Figure 4: Comparison of disease-free survival rates between preoperative chemotherapy plus surgery and S

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Six studies [11],[12],[16],[17],[18],[23] compared the recurrence rate after treatment between two groups [Figure 5]. There are no heterogeneity between these studies (P = 0.83, I2 = 0%). We used a fixed effects model for analysis. The result show a significant difference in the recurrence rate (OR = 0.75, 95% CI [0.60, 0.94], P = 0.01) between two groups. That means PCT-S might have lower recurrence rate than S. According to the funnel chart [Figure 6], there is no publication bias between PCT-S group and S group in comparison of the rate of recurrence.
Figure 5: Comparison of recurrence rates between preoperative chemotherapy plus surgery group and S group

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Figure 6: Funnel plot for checking publication bias

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Relevant safety indicators analysis between preoperative chemotherapy plus surgery group and S group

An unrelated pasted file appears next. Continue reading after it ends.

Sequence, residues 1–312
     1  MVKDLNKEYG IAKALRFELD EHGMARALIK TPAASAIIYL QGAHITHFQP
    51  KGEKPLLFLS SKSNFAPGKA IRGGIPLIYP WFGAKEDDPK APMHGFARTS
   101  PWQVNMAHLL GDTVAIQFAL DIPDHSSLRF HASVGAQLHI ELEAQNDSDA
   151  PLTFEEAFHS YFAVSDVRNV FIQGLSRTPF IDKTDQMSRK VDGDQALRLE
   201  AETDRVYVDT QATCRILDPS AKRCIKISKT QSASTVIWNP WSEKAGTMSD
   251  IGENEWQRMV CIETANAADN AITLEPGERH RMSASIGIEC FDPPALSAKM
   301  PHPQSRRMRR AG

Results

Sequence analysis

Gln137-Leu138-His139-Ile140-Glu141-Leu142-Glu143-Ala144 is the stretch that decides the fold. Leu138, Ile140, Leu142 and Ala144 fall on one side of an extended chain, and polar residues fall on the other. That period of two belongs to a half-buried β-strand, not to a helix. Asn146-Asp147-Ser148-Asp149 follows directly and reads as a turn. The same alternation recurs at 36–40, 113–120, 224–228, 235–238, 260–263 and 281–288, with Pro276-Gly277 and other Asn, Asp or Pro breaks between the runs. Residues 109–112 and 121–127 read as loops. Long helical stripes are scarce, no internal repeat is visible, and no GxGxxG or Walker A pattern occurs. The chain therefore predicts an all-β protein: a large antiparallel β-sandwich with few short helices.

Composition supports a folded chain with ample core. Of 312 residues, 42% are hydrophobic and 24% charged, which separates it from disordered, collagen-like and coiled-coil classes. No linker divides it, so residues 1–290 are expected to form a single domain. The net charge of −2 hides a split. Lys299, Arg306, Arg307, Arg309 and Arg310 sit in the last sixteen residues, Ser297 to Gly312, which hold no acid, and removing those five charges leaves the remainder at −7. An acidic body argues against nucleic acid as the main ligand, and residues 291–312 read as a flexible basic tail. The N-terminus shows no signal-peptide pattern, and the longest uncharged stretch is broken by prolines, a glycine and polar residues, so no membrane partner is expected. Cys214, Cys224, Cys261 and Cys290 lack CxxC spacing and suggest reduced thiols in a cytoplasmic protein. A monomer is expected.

Five Researches [11],[15],[16],[17],[21] compared the intraoperative and postoperative complication rates as shown in [Figure 7]. Because of no heterogeneity between studies (P = 0.98, I2 = 0%), we used a fixed effects model for analysis. We did not see a significant difference in the intra- and post-operative complication rates (OR = 1.24, 95% CI [0.89, 1.74], P = 0.20) between two groups.
Figure 7: Comparison of the intra- and post-operative complication rates between preoperative chemotherapy plus surgery group and S group

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Limitations